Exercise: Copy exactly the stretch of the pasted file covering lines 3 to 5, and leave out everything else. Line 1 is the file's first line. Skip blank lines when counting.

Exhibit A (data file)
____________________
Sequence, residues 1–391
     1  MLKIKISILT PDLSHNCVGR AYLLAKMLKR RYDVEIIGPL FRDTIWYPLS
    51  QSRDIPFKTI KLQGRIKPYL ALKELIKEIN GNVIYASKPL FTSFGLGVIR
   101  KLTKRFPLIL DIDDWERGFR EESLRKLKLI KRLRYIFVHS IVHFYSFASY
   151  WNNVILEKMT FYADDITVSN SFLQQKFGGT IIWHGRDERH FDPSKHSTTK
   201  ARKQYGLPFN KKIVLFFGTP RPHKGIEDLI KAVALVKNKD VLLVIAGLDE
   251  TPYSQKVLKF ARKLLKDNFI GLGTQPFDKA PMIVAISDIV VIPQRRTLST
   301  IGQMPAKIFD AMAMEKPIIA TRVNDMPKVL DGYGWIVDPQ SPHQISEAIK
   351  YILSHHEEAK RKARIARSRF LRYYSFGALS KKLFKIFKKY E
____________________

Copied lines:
    51  QSRDIPFKTI KLQGRIKPYL ALKELIKEIN GNVIYASKPL FTSFGLGVIR
   101  KLTKRFPLIL DIDDWERGFR EESLRKLKLI KRLRYIFVHS IVHFYSFASY
   151  WNNVILEKMT FYADDITVSN SFLQQKFGGT IIWHGRDERH FDPSKHSTTK